Maryland was honored Tuesday for its statewide environmental literacy standards with a silver 2015 Future Policy Award from the World Future Council, the Inter-Parliamentary Union and UNICEF.
State officials said the award recognized the positive effects and improved student learning that resulted from its first-in-the-nation standards, which require that students be environmentally literate prior to graduation. Other states have looked to Maryland’s standards as an example.
“We are grateful for the recognition of Maryland’s innovative work,” Guffrie Smith, president of the Maryland State Board of Education, said in a statement, pledging to “continue our efforts to support global environmental standards and help all students become capable stewards of our planet.”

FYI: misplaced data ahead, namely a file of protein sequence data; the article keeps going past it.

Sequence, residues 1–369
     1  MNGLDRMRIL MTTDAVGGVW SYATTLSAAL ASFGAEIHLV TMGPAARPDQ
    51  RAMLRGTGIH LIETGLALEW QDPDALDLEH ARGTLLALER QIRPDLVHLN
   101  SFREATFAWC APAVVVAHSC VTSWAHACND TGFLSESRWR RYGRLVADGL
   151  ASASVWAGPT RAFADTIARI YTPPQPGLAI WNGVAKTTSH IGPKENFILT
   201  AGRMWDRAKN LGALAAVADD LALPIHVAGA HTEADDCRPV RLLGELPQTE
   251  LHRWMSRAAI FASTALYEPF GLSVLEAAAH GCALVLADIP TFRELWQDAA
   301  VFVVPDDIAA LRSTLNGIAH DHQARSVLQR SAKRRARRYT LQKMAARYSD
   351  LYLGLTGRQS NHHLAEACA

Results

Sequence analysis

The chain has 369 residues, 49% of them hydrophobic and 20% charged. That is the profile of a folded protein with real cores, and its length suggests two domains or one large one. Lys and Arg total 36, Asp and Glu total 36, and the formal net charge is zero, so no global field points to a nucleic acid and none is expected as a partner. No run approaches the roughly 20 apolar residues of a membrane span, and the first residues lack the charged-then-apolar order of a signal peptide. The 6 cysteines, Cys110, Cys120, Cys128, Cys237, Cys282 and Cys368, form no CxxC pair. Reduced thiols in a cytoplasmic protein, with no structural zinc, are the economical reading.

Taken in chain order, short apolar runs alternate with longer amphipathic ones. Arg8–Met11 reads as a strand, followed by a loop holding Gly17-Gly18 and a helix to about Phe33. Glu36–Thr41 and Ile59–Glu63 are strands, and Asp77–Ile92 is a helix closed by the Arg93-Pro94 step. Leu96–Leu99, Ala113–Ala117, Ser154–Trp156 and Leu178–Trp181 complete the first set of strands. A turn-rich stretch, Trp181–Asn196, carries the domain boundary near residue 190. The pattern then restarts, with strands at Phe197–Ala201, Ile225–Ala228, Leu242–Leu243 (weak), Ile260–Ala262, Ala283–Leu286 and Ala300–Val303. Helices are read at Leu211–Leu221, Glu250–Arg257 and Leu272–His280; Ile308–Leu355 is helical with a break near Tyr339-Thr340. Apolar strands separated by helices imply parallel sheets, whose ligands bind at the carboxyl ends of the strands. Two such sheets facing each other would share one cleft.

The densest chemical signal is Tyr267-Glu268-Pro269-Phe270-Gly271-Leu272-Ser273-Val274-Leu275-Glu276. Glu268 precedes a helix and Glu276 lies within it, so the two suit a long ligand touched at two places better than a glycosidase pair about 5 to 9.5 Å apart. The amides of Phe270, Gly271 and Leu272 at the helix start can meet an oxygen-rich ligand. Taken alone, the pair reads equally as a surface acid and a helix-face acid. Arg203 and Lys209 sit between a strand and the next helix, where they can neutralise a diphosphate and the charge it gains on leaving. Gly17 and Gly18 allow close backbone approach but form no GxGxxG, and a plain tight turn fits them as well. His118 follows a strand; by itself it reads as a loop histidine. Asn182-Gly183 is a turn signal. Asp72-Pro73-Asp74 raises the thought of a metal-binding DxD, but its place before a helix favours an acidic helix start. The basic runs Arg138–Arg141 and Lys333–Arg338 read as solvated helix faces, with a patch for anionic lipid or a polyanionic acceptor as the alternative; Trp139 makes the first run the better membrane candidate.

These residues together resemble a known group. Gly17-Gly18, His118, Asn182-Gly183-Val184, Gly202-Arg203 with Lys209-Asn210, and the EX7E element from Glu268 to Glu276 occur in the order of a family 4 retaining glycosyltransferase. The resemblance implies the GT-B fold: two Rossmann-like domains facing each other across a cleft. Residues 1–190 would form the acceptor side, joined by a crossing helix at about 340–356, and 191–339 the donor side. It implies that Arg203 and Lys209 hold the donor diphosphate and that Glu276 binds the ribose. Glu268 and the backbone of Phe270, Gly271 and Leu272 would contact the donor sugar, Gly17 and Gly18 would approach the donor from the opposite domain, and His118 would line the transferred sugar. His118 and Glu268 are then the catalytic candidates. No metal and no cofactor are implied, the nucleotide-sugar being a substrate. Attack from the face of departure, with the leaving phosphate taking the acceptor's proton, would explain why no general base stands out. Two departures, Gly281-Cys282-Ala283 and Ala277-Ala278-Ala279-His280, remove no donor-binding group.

The award was presented in Geneva, but state board members could not make it to ceremonies so Smith sent a video expressing appreciation, said Bill Reinhard, spokesman for the Maryland State Department of Education.
The board’s work on environmental education standards goes back more than two decades. In 2011, it approved a regulation requiring that all Maryland students complete a comprehensive multi-disciplinary program in environmental literacy prior to graduation.
The top honor given Tuesday — the Gold Future Policy Award — was presented for Zanzibar’s Children’s Act, described in a release as a pioneering children’s rights law that came as a response to child abuse and violence and led to “a marked societal change in attitudes towards children in Zanzibar.”
A second silver award recognized Finland’s Basic Education Act for “guaranteeing children’s equal access to high-quality education and training, irrespective of ethnic origin, age, wealth, language or location.”